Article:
crepe-quebecoiseJust came back from my native beautiful land, Canada. Or more precisely Quebec, on the East part of Canada a.k.a. the french part. So coming from the land of maples, which in the fall is simply magical to see with all those bright red leaves, and it’s exceptional elixir called maple syrup I had to share a breakfast recipe we do on occasion, the famous “crêpe à la quebecoise” is a thin crepe with bacon, cheese and a drizzle of delicious maple syrup. A fairly easy to make recipe which is sweet and savoury, the perfect bite to a great day.crepequebecoisepin

The idea is to start with the sweet and savory crepe, then you make a second with fruits and maple syrup. All the ingredients are on the table and people choose what they feel like. Some prefer only bacon and maple syrup others are adding an egg to the mix, it’s all up to you. The essential ingredient though always as a role to play on those breakfast crepes: the maple syrup goes on every single one. My grandma was cooking everything with it, from lard beans to dumplings cooked directly in a massive amount of maple sirup.

A healthier sugar
The evolution of the instrument to collect maple water

This irresistible syrup is not only part of our heritage, thanks to the natives who taught us how to produce such a delight, this maple sirup is the closest to healthy sugar there is on this earth. Don’t get me wrong, it’s still filled with sucrose which isn’t healthy, but the main benefit of maple syrup lay in  a component called quebecol which makes carbohydrate longer to digest and apparently would slow down the growth of cancer cells. Also, it’s filled with health benefits like antioxidants, anti-inflammatory compounds and has a low glycemic index. The darker the syrup the more taste you’ll have and also the more health benefits you’ll get. Although the clearer types are considered more of a delicacy and highly praised by gastronomes and chefs around the world.

So let’s start the day on the right foot!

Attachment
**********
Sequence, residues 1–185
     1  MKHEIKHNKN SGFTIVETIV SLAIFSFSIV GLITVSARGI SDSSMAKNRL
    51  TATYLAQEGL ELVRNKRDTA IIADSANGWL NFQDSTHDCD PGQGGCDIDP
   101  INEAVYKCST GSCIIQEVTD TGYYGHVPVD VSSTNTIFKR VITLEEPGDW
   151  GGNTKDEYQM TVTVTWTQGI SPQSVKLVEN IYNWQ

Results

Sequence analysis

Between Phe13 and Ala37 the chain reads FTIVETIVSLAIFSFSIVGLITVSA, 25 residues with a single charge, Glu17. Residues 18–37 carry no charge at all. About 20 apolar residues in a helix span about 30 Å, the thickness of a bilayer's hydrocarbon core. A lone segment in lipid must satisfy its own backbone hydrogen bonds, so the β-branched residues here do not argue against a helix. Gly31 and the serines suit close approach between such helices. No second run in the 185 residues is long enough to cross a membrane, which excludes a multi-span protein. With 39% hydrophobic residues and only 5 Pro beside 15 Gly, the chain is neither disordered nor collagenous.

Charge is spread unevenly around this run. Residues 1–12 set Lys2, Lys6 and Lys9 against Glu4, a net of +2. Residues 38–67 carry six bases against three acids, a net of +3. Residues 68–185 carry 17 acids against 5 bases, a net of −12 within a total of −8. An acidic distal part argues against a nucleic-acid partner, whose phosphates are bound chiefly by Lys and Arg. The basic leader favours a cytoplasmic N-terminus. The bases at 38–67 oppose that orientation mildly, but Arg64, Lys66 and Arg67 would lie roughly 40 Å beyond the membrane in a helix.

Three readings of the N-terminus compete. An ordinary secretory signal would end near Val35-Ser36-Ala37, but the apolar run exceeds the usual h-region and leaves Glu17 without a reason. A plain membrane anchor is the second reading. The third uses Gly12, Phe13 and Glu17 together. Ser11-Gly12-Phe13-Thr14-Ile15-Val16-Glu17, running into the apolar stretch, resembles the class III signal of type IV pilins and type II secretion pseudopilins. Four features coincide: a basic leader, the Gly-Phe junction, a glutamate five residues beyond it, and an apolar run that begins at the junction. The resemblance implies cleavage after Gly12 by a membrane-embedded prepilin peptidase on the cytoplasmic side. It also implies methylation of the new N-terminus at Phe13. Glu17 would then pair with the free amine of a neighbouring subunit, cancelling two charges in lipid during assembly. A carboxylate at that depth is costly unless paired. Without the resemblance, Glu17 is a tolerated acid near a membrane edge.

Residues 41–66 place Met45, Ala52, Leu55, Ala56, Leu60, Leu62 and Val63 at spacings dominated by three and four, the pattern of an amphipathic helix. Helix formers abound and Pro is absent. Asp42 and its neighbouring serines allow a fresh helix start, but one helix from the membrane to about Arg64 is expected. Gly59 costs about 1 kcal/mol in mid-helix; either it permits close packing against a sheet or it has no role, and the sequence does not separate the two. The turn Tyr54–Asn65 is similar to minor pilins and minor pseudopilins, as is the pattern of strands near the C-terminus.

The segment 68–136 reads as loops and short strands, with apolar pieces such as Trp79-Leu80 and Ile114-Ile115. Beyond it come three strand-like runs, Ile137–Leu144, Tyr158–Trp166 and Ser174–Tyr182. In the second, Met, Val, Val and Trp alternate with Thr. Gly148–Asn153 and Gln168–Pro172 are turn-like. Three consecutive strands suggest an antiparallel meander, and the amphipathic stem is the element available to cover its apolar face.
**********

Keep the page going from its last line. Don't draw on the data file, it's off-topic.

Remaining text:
Crêpe à la québécoise

Crepe bacon, cheese and maple syrupCrepe
  • 250g of flour (all purpose)
  • about 300g of milk
  • 2 tbsp of melted butter
  • 2 eggs
  • 1 tbsp of sugar
  • 1 tsp of salt
The fillings
  • cooked bacon strips (count 3 per crepes)
  • cheddar (not too strong)
  • Maple syrup (as desired)
  1. First mix the flour, salt and sugar together
  2. Then make a well in the center of the flour pot and add the eggs and a touch of milk and start whisking (staying in the well)
  3. Add more milk and whisk the well bigger and bigger while the milk it incorporated
  4. Depending on the flour you use, add more milk, until the consistency is looking like a heavy cream and homogeneous
  5. Add the melted butter, mix a last time and cover with a plastic wrap
  6. Refrigerate for about an hour before use
  7. In a hot non stick pan, or crepe pan, add a touch of grease of your choice, and add the mixture to the center of the pan and turn circularly until the crepe is round
  8. Cook until light brown on each side
  9. Serve right away, warm

Enjoy making those sweet and savory crepes!

Crepe bacon, cheese and maple syrup

Krautstrudel with horseradish sauceWhen you think of Strudel, you probably automatically picture a sweet apple strudel. Am I right? Well in Central Europe they make some great savory ones also. You can find some pumpkin, spinach, sauerkraut and more strudel types here and there. The one here is a simple cabbage and smoked bacon bits one, served with a delicious homemade horseradish-dill sauce.strudelpin

The original dough to cover Strudel is usually a thin and elastic puffy dough, but for this recipe I’ve used stacked phyllo sheets with a light spray of olive oil in between the sheets. I like the flakiness of the phyllo, plus it contain way less butter than the flaky puff dough. The only thing with phyllo is to make sure you to overlap the sheets so the liquid don’t escape from the strudel. Also when you cook with it, better add the strudel on the bottom level of the oven, than the bottom part can cook at the same pace than the top.

Krautstrudel with horseradish sauceAs for the filling, a simple white cabbage thinly sliced, an onion and smoked bacon bits with the typical German aromatics of sweet paprika and caraway seeds. Those 2 spices are what makes the German flavor here. I was surprised by the amount of sweet paprika german cuisine uses in so many of their traditional dishes. As for the caraway seeds, if you don’t know them yet, they look like cumin seeds although they taste nothing like it. They have a certain bitter-sweet taste to it nobody can resist and they are well known to help with digestive problems like heartburn, gas, bloating, etc. Often used in sauerkraut for it’s counter effect of the naturally gazy meal, the caraway should be an essential to any cabbage meals.
horseradish sauce